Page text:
By Ishmeet Kaur Chaudhry
As we celebrate 75 years of Independence entering the 76th year, memories of partition have not faded away, rather for many, these memories resurface whenever 15th August returns.
This year our family was more nostalgic and the sense of loss more hurting. All this seems very strange.
We lost Harbans Singh, my grandfather 103 years of age, this January 2022. With him, an experience of a lifetime was lost. Amongst us, he was the one who had witnessed and experienced partition horrors.
At 97 years of age, he was recorded by the partition archive, but the archive had lost his recording. I was at a complete loss when I got to know this, and then I decided to write about him, his life, and the times he belonged to. Since then, in one way or the other, I am trying to record him in various ways. This became more difficult for me as he grew older. He chose not to speak about the troubles of those times.
When my grandfather turned 100, we sat around him to listen to his experiences of life, but he was extremely selective in choosing what to speak.
My grandfather spoke about all the good times, his experience with the British officers at work, how systematic and organised they were, how kindhearted their wives were, and his tours with them. But then he cheekily mentioned how the white men abducted the women in the remote areas of the hilly estates of Punjab then, now Himachal.
My grandfather spoke about setting offices in the free and new India, working with the Red Cross initially, then the newly formed secretariat of Himachal Pradesh. He spoke about the important positions he held during his lifetime, and finally his retirement as an Under-secretary with the Himachal government.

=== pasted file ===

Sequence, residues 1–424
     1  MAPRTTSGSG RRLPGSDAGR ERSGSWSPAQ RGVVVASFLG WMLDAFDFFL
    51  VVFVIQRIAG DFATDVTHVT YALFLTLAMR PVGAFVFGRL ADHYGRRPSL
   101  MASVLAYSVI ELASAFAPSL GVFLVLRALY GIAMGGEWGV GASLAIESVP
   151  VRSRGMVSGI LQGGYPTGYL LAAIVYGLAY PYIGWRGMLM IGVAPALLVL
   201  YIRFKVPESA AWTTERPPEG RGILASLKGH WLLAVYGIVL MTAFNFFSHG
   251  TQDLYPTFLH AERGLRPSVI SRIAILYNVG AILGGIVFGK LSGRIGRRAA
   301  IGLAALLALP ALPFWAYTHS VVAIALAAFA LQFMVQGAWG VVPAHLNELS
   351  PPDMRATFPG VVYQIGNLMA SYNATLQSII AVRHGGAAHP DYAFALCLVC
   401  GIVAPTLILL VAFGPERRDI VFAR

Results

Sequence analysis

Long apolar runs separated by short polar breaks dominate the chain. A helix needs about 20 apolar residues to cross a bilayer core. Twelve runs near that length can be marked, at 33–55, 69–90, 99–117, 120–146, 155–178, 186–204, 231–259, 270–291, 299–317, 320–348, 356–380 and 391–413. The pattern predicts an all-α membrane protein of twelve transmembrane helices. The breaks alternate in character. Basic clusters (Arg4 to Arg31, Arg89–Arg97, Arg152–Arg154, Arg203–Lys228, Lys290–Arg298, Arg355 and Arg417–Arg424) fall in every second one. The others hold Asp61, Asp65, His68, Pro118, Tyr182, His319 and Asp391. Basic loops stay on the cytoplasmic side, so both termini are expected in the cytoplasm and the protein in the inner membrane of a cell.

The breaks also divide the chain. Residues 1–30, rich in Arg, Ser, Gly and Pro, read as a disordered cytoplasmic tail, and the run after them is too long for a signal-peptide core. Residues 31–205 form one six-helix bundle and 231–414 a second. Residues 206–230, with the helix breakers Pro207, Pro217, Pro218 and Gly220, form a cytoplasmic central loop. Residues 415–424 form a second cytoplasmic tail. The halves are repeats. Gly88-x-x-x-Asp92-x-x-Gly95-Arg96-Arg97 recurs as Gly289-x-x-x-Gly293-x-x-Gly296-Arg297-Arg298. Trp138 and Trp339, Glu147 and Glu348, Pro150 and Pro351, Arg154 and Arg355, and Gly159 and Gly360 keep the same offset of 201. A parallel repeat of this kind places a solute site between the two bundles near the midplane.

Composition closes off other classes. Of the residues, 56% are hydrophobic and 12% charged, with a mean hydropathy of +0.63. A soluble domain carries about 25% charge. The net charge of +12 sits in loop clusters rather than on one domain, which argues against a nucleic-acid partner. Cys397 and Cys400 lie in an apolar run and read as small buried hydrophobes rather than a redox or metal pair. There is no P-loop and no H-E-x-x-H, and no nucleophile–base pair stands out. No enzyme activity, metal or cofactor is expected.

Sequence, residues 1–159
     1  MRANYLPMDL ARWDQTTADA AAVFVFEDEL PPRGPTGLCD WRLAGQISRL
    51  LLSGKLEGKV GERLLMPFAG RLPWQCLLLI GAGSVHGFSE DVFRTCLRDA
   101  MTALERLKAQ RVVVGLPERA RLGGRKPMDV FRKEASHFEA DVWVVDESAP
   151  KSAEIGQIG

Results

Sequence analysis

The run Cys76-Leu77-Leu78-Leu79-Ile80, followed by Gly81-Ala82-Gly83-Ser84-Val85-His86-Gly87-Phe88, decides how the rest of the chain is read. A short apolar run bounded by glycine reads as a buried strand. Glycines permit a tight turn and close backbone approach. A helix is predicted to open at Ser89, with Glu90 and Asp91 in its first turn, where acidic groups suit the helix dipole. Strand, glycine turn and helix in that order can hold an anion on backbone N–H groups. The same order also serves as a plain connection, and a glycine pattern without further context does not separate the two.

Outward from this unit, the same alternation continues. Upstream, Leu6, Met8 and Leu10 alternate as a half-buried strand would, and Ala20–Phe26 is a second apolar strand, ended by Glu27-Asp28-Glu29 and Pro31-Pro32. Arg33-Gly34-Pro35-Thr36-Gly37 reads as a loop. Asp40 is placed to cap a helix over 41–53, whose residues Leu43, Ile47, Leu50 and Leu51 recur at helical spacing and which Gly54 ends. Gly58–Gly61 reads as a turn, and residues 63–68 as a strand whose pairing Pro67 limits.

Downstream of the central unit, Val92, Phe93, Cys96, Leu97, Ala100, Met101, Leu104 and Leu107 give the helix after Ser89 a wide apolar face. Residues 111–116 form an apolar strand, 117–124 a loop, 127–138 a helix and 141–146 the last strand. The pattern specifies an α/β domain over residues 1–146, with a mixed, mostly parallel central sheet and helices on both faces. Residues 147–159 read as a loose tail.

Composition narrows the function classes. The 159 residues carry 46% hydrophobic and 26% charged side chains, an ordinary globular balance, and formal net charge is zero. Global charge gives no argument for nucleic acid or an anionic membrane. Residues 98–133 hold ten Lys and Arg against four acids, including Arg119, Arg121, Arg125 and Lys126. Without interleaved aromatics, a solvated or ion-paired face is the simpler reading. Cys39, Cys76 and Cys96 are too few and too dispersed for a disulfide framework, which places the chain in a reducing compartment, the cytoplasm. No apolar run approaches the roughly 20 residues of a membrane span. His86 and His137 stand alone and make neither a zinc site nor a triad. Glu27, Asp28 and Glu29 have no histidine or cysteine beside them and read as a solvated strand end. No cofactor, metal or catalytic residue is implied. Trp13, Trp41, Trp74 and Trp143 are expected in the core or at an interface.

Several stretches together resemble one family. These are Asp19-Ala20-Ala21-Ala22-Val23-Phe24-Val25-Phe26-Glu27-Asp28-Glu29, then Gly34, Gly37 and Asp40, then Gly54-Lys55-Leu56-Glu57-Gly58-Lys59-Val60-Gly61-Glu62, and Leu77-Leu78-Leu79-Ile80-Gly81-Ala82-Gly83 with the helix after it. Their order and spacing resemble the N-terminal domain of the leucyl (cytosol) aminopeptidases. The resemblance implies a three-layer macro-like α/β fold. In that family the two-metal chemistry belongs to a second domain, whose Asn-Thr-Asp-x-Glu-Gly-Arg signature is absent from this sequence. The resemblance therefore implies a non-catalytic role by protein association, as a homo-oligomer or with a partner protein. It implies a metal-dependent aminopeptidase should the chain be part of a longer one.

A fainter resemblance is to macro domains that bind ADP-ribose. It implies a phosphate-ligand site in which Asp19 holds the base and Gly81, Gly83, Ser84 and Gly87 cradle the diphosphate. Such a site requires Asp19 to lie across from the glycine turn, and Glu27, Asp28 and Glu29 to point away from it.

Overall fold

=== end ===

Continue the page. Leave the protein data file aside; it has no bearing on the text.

What my grandfather didn’t speak was about partition or his experience with partition violence.
We were all expecting him to tell us the story of his return to Shimla from Lahore on a train that was full of dead bodies, how scared he was if he’ll be able to make it or not, and how he kept falling on the bodies smeared in blood. I triggered him a bit when he retorted:
“What is the point in remembering all this now?”
My grandfather then talked about his native village Kahuta in the Rawalpindi district, Pothohar region of Pakistan, and told us that it had a mountainous terrane, a river flowing beside, and the river was the life-giving force for the village. He often said that the air of that place was very pure. He talked about everyone visiting Gurdwara in the mornings and evenings.
People of that village were mostly merchants and had shops in the central market that catered to several villages around as Kahuta was a tehsil. Then suddenly, my grandfather sighed:
“All is left behind, no more ours, we all should move on, I don’t see any sense in reminiscing the past … for what should we do it … nothing will change now … yet a lot has changed in the last 100 years.…”
These words resonate in my ears even today.
But the truth is that Kahuta never left him, he never failed to remember, the memories haunted him.
Last year when my grandfather was 102, someone in our circle expired. He asked me where my parents were, and I told him that they had gone to attend the cremation of the deceased. My grandfather asked, “Who has expired? Did I know him? Was he from Kahuta?” I couldn’t stop my tears and told him that Kahuta was long lost, no one from Kahuta was around now, many people had expired, while his long life had left behind a long queue of memories and the deceased was not from there … he didn’t know him.
Today, when he is not amongst us, his association with Kahuta haunts us, his people, his family who are rootless, who have never associated with any village, whose clan scattered to many urban towns and cities, and those who have remained dislocated for the last 75 years and will remain so for many more.
Author: Dr Ishmeet Kaur Chaudhry is an Assistant Professor at the Center for English Studies, Central University of Gujarat, India.
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